A Guide To Help You Play Better Jazz Piano

Ron Drotos

History and overview:
This is from The Pat Metheny Group’s debut album, aptly titled; The Pat Metheny Group(!) Released in 1978, the group brought a smooth gloss to jazz-rock that initially disguised their advanced musicality and improvisational abilities from many traditional jazz listeners. But it turned out that jazz was alive and well underneath their pop beats and Pat’s reverb-heavy guitar sound!

Here are some recommended recordings/videos:
(for international readers who may not have access to these YouTube links, I’ve indicated the original album names wherever possible so you can listen to them on music streaming services, etc.)

Pat Metheny Group: Live in Hamburg, Germany (video)

Lyle Mays’ beautiful piano solo begins at 2:31. Listen to how he gradually builds intensity during the solo, beginning with lyrical melodies, then moving to fast single-note-runs and finally, rhythmic chords.

Musical ideas and jazz piano practice tips:
When The Pat Metheny Group first came on the scene, a lot of musicians considered them a kind of “jazz lite.” Their pop-like rhythms and Metheny’s pearly guitar tone made them seem closer to instrumental popular music than to “real” jazz to some listeners. But to others, like me and my friends, their new sound was exciting and a doorway into the world of improvisation that we could relate to.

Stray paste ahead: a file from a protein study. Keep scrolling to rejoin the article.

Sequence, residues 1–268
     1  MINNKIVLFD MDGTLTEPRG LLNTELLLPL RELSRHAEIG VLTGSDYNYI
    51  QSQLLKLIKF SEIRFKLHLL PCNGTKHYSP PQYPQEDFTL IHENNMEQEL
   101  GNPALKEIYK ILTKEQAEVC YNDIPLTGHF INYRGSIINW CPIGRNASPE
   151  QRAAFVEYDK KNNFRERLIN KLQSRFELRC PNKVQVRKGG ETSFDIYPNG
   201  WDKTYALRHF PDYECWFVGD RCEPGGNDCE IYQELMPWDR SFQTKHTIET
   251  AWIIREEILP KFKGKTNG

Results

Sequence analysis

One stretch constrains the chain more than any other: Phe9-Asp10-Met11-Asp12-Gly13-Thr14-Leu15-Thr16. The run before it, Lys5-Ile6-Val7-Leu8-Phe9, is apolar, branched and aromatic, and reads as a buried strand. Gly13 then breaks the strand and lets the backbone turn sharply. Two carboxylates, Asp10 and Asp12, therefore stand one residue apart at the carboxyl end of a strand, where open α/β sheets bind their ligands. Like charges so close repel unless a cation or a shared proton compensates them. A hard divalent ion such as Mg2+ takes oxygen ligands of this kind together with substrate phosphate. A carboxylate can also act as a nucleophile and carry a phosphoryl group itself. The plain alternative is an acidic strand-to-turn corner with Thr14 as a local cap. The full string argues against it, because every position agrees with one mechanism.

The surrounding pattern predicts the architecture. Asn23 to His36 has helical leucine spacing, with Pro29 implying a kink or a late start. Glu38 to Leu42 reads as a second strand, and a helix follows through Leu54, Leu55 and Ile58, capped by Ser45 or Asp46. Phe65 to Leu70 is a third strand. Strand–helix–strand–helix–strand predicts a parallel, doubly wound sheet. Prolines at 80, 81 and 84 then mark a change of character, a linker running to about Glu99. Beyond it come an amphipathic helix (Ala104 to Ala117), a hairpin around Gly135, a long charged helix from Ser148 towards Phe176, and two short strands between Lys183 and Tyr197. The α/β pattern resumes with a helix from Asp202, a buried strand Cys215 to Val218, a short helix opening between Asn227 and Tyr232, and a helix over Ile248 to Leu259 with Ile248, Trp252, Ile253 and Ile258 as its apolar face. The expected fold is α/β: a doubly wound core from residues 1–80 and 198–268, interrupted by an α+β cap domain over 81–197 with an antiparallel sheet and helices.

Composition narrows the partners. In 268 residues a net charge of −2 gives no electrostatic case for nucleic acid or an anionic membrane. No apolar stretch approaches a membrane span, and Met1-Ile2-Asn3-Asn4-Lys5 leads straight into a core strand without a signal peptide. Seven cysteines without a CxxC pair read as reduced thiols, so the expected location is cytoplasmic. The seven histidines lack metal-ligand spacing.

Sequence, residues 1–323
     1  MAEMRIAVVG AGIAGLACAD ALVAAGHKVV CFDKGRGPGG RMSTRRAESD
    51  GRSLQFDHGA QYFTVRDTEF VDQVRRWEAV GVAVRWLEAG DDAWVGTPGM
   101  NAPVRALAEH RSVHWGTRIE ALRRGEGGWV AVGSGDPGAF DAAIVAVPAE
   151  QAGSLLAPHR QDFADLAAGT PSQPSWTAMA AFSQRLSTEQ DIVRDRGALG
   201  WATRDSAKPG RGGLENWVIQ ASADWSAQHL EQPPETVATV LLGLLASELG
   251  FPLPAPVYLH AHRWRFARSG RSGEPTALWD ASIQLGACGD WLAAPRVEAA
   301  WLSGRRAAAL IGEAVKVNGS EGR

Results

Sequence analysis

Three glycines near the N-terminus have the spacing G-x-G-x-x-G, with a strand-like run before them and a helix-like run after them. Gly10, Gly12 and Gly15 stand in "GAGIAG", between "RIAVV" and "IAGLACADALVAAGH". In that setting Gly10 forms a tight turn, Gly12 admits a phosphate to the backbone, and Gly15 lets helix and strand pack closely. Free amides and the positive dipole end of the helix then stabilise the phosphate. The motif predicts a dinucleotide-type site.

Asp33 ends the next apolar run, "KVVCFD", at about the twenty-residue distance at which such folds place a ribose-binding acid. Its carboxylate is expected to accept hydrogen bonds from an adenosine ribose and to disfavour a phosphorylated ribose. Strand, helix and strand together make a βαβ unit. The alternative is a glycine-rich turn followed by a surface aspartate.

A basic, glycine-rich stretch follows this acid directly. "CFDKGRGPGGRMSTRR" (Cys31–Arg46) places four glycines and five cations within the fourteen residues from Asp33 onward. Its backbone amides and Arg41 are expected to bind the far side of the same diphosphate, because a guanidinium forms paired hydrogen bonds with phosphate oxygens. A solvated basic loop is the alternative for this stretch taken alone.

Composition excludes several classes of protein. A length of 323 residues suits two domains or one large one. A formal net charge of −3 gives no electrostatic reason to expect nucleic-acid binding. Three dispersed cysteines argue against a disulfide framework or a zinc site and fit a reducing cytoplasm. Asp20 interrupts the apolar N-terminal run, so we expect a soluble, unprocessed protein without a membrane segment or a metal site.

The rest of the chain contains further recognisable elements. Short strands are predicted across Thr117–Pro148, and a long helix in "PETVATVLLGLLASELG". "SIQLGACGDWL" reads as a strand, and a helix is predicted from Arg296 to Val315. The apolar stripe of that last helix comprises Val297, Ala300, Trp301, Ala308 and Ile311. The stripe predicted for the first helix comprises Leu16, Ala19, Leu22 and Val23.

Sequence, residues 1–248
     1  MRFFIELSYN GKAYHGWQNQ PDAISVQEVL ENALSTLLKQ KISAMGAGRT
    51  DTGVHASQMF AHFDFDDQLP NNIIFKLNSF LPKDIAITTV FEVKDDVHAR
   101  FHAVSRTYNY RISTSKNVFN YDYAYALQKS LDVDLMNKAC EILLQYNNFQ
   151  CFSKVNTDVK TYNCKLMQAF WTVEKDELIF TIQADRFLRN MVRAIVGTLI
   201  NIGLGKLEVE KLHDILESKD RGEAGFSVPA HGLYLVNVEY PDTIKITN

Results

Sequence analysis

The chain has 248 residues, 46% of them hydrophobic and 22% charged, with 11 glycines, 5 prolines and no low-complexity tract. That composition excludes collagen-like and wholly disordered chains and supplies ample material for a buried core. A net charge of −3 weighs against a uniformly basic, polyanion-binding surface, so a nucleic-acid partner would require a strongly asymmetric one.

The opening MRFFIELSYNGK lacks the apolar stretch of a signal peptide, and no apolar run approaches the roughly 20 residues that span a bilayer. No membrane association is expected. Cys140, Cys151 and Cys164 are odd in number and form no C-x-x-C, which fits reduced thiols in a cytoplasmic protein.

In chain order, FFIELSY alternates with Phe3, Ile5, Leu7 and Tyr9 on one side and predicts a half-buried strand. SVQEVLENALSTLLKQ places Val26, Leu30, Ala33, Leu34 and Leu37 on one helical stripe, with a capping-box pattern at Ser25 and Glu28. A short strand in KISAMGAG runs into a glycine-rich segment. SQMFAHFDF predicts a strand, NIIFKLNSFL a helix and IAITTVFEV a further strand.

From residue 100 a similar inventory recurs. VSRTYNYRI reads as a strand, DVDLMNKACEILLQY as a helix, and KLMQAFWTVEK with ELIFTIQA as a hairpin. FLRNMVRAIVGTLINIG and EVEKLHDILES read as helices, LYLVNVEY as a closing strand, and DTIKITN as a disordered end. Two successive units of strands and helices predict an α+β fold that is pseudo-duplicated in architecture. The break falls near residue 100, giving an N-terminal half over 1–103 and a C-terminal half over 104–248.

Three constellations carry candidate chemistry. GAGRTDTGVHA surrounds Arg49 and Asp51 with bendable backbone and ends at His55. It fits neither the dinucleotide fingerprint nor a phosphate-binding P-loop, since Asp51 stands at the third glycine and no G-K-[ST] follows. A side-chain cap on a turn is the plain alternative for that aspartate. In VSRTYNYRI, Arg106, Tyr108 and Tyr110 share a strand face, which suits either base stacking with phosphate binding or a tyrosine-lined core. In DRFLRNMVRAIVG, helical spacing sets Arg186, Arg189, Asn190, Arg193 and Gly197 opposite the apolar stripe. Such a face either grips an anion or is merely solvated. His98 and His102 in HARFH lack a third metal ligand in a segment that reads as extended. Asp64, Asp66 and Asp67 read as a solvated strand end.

Now, decades later, it’s clear that the group’s repertoire provides the same improvisation opportunities as more traditional jazz styles do. You can use many different pianistic textures, scales such as modes and blues scales, motivic development, and even an occasional bebop lick if you choose. In addition, you can play with varying degrees of rhythmic vigor, moving from light, ethereal sounds to sections where you “dig in” to the rhythmic beat more energetically. In short, there are as many ways to put your own individual “stamp” on “April Joy” as there is on any other jazz standard.

Enjoy the journey, and “let the music flow!”

Further links and resources:
April Joy: Journey Through The Real Book #20

Listen to the variety of piano textures that you can use on a tune like this.

The Best Way To Use The Real Book

Pat Metheny Interview with Jazziz
I find it interesting to hear him speak about how intensely he practiced during his teen years, because he felt he had so much to learn!

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